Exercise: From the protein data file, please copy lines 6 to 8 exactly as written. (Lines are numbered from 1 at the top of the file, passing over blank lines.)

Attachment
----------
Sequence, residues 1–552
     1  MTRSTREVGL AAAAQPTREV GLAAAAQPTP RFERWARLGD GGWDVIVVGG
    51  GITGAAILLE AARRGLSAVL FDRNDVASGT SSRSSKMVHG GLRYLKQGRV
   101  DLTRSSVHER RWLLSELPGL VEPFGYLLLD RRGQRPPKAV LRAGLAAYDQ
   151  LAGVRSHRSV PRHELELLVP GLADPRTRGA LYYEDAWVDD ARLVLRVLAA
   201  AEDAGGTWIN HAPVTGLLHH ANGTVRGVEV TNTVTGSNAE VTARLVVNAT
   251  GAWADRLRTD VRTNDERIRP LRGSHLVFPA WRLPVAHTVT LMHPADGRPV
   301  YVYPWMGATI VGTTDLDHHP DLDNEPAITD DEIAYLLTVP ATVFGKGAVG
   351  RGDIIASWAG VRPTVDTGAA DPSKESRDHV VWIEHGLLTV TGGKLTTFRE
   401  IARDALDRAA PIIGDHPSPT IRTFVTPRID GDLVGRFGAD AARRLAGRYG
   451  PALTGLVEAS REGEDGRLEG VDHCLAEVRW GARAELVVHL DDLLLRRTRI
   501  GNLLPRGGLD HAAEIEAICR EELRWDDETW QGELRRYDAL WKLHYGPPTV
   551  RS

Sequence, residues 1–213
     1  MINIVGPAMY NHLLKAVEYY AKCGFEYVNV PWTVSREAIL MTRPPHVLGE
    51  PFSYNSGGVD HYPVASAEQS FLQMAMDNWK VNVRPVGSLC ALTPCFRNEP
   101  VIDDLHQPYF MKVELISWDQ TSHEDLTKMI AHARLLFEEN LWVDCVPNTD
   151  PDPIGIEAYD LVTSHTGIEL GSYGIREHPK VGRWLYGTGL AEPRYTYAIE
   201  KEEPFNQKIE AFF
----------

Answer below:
   201  AEDAGGTWIN HAPVTGLLHH ANGTVRGVEV TNTVTGSNAE VTARLVVNAT
   251  GAWADRLRTD VRTNDERIRP LRGSHLVFPA WRLPVAHTVT LMHPADGRPV
   301  YVYPWMGATI VGTTDLDHHP DLDNEPAITD DEIAYLLTVP ATVFGKGAVG